I’ll explain this part of the code in short – after starting the process of the SMSSender, I start a thread, which polls for a window with a specific caption (using the native Win32 function FindWindowEx) with a given delay. After finding either the successful or the failed message box, it sends closing message to this window (again with a native Win32 function, this time SendMessage) and prints to the console the whether the message was sent or not. After this the application ends.

The Code

using System;
using System.Collections.Generic;
using System.Linq;
using System.Text;
using System.Diagnostics;
using System.Windows.Forms;
using System.IO;
using System.Runtime.InteropServices;
using System.Threading;

namespace SendSMS
class Program
#region Win32 API Import

public const int WM_COMMAND = 0x0112;
public const int WM_CLOSE = 0xF060;

private static extern IntPtr FindWindowEx(IntPtr hwndParent,
IntPtr hwndChildAfter, string lpszClass, string lpszWindow);

private static extern int SendMessage(int hWnd, uint Msg,
int wParam, int lParam);


#region Methods

private static void ShowHelp()
Console.WriteLine("Vesko Kolev's SendSMS usage:");
Console.WriteLine("SendSMS phone_number \"sms_body\"");
Console.WriteLine("SendSMS 0812345678 \"Test sms body!\"");

private static void CloseMessageBox()
IntPtr hwndMessageBox;
while (true)
hwndMessageBox = FindWindowEx(IntPtr.Zero,
IntPtr.Zero, "#32770", "SMS Sender");
if (hwndMessageBox != IntPtr.Zero)
Console.WriteLine("SMS sent successfully!");

hwndMessageBox = FindWindowEx(IntPtr.Zero, IntPtr.Zero,
"#32770", "SMS Sender Error");
if (hwndMessageBox != IntPtr.Zero)
Console.WriteLine("SMS sending failed!");


private static void SendSMS(string phoneNumber, string smsBody)
Process process = new Process();
process.StartInfo.FileName =
Path.GetDirectoryName(Application.ExecutablePath) +
process.StartInfo.Arguments =
string.Format("/p:{0} /m:\"{1}\"", phoneNumber, smsBody);
process.StartInfo.UseShellExecute = false;
process.StartInfo.CreateNoWindow = true;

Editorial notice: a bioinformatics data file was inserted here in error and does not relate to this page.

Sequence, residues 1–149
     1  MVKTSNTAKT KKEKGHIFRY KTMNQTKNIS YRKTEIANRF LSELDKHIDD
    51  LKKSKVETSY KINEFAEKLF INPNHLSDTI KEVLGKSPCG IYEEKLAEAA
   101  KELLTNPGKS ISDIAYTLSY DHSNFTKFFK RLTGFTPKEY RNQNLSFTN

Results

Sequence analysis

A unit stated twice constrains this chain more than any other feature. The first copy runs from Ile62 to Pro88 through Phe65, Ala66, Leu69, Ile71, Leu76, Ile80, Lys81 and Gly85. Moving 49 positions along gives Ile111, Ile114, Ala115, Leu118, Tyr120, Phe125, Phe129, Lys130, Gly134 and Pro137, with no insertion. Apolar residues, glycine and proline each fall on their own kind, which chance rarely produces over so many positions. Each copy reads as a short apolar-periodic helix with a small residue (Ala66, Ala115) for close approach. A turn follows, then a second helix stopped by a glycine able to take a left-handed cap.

Thread thread = new Thread(new ThreadStart(CloseMessageBox));


static void Main(string[] args)
switch (args.Length)
case 2:
SendSMS(args[0], args[1]);


In this article I have showed you a ready to use source code which sends SMSes from a connected to your PC GSM device. You can consume this app virtually from anywhere – just wrap the wrapper and forget about this task!

I’ll be happy to hear your comments about everything related.

Vesko Kolev

15 коментара:

Stanislav каза...

Nice article, I should try.
Any Ideas how to run this on my Mac?

Мирослав Джоканов каза...

It's a really beneficial article. I admire your choice to share experience, Vesko.
However, your source invoked in me thoughts that it would be really useful to have some kind of "Win32 course" at FMI :D

Veselin Kolev каза...

Thanks, Miroslav.

I am happy to hear from you as you are one of these guys who "doesn't sleep" and makes everything to be on the top!

Hope will hear from you soon again.

Vesko Kolev

Sudhamshu каза...

Thank you for sharing the article. The hint for adding DeviceName in Registry editor was very helpful. Are there similar (simple) tools for reading SMS from phones you know of?

Himansu Mallick каза...

When i am running this code i am getting an error as "Access is denied" at process.start().

I am running this code in windows7.

Please give me the solution


Shashibhushan Gokhale каза...

Are you aware of some way (application, software, Microsoft Windows tool to call as SMSSender is to SMS) to dial phone numbers under Windows Using Connected to the PC Phone with Datacable/Bluetooth/IrDA/PCCard/etc.